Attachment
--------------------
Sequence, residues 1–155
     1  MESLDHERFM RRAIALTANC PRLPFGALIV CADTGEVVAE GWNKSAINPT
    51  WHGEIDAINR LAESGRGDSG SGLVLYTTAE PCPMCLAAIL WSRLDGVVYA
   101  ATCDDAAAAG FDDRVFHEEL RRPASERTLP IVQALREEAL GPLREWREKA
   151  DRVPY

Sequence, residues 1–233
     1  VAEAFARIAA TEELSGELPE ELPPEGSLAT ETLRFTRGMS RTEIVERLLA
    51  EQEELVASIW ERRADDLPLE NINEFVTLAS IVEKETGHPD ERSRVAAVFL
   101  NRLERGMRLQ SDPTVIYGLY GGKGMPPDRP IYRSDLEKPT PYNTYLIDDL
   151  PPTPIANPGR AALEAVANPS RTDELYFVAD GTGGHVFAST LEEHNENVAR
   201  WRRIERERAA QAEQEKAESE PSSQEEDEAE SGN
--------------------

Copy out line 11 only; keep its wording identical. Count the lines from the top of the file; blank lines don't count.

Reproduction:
   201  WRRIERERAA QAEQEKAESE PSSQEEDEAE SGN